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The Social Psychology of Political Elites

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This project formed one strand of Meg Russell's 3-year ESRC-funded Fellowship.

This is the most exploratory, and the most innovative, element of the Fellowship. It sought to build interdisciplinary links to see whether new and more accurate theories can be developed to explain the behaviour of political elites, and parliamentarians in particular. At present "behaviouralism" in legislative studies, and in political science more broadly, is heavily influenced by "rational choice". But rational choice models often bear little resemblance to the understanding of the world held by those who have been close to the policy process, and their predictive powers can be weak. Meanwhile, since behavioralism developed in the mid-20th century, social psychologists have built and refined their own explanations of human behaviour. Their findings demonstrate that human beings do not always act "rationally", and indeed when in social situations may behave more as group members than as individuals. As politics is innately a collective pursuit, and generally structured through groups, these results could bring important insights into the study of political institutions.

The project sought to develop new theoretical approaches, by drawing from the literature on social/political psychology and related disciplines. It also sought to build links with academics working in these disciplines with a view to future publications and joint research.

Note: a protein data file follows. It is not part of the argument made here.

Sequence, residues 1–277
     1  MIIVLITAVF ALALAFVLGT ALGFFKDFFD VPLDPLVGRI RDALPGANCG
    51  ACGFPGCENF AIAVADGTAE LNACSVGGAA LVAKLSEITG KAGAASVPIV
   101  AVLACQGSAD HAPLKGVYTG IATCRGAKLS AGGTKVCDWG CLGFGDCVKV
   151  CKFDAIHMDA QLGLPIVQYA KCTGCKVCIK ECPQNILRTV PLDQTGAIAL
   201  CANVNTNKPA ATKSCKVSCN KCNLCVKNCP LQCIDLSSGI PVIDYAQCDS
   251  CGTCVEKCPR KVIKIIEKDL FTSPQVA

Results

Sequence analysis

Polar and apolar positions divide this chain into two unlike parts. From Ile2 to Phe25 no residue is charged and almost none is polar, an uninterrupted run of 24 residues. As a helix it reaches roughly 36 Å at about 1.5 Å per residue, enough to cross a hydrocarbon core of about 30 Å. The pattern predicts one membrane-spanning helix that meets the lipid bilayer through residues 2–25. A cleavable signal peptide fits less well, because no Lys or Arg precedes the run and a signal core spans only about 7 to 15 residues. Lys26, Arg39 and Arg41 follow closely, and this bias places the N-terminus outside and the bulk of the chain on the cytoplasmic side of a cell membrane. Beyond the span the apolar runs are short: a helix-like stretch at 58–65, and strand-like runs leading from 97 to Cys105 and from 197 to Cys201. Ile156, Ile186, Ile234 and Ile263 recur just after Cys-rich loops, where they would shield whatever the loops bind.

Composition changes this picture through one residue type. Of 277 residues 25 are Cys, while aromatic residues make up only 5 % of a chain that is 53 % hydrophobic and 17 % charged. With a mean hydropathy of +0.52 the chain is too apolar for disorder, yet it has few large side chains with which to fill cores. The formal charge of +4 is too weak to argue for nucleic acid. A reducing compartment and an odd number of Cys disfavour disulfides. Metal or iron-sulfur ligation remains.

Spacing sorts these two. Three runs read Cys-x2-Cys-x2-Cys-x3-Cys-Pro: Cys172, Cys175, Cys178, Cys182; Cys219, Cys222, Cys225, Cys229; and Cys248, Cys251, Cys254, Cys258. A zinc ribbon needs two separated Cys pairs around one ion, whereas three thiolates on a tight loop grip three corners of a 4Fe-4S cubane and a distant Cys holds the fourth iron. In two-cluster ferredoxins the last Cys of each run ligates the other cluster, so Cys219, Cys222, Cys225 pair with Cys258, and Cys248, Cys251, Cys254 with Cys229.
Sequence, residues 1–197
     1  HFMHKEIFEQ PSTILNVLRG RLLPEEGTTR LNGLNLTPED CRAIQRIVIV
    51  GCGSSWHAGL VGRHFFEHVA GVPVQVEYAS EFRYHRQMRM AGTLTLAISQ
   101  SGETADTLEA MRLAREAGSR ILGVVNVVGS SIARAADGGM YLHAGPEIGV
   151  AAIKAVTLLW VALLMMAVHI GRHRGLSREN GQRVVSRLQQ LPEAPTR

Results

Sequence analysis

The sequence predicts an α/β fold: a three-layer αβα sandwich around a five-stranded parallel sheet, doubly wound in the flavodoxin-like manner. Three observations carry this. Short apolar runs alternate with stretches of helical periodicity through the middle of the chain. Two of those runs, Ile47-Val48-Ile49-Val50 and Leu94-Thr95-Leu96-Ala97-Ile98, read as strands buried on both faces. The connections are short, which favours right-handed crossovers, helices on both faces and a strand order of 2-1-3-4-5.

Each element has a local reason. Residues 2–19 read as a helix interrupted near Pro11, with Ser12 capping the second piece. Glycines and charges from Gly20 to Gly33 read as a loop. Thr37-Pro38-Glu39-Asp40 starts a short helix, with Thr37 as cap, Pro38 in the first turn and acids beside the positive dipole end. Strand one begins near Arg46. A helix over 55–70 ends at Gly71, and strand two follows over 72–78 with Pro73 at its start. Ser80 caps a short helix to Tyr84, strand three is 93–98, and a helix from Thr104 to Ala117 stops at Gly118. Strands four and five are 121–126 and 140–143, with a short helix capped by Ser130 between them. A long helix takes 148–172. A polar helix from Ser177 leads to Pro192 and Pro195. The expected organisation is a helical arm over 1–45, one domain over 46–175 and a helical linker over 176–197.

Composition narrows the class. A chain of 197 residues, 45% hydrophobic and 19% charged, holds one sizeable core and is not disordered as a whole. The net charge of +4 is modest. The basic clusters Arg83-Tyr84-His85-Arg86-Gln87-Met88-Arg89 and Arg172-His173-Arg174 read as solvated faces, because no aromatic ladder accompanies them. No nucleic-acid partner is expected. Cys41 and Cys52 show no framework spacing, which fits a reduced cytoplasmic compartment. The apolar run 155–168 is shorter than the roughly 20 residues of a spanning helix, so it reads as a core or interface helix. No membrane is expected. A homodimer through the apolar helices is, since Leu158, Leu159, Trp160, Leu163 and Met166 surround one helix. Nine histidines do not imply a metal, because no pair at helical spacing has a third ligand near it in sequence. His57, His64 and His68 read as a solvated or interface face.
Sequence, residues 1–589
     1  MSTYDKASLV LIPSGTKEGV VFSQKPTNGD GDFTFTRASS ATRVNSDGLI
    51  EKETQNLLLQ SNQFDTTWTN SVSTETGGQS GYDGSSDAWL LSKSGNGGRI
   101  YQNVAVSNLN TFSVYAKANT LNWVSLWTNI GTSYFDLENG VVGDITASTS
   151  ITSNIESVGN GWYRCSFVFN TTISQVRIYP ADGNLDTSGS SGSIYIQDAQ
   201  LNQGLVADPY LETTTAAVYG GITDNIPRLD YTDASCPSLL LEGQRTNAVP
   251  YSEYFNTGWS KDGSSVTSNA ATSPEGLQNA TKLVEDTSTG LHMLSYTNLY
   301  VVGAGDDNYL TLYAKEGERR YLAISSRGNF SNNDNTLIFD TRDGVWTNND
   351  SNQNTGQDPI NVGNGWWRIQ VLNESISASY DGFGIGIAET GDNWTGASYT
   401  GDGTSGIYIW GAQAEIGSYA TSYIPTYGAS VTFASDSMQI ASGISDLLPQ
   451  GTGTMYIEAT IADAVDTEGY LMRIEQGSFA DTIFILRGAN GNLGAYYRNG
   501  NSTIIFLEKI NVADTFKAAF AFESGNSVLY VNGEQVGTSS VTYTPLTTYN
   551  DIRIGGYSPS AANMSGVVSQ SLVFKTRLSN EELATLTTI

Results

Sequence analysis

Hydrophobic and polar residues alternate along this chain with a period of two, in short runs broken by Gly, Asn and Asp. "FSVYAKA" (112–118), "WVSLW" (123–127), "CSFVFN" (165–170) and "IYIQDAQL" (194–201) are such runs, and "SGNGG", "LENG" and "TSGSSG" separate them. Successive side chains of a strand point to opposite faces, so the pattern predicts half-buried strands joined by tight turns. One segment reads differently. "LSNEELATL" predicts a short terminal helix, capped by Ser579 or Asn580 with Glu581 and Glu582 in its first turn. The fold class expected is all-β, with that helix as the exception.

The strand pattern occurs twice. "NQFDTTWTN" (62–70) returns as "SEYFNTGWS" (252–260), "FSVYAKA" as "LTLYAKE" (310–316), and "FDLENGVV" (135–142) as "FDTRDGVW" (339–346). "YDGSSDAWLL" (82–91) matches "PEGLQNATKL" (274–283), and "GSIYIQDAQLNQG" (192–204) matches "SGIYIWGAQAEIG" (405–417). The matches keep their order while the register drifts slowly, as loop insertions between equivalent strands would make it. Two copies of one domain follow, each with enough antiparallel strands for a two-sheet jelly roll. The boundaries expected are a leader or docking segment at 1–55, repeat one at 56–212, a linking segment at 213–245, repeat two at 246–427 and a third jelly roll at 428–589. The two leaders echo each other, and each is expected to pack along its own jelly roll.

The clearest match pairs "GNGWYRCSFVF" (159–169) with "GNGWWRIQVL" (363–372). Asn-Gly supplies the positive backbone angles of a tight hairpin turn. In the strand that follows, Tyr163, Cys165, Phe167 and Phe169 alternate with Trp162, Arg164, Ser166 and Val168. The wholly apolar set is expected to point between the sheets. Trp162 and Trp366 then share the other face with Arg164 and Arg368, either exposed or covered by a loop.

Any academics working in related fields who are interested in this work, and in building research collaborations, are invited to contact the researchers (see below).

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The Speaker election row tells us two important things about parliament

Thu, 09 Apr 2015 09:00:40 +0000

On 26 March, its final sitting day, the House of Commons rejected government proposals to reform how the Speaker is elected at the start of the new parliament. Here Meg Russell reflects on what this teaches us about parliament, suggesting it holds two lessons. First, that the 2010 House of Commons was more resistant than […]

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Farewell to the Commons: Reflections on parliamentary change over 40 years

Tue, 24 Mar 2015 11:00:47 +0000

On 4 March Jack Straw and Sir George Young spoke at a Constitution Unit valedictory event where they considered how parliament has changed since the 1970s. Sam Sharp offers an overview of the discussion. Jack Straw and Sir George Young have 77 years of parliamentary experience between them – Straw was first elected in 1979, […]

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Implementing the recommendations of the Digital Democracy Commission: Where to now?

Mon, 16 Mar 2015 11:00:36 +0000

Last week saw a Westminster Hall debate to discuss the report of the Speaker’s Commission on Digital Democracy. Andy Williamson argues that while concrete steps are being taken to implement some of the recommendations, greater drive will be needed to create a coherent long-term programme for the digital modernisation of Parliament. The Speaker’s Commission on […]

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Meg Russell's new book, The Contemporary House of Lords:
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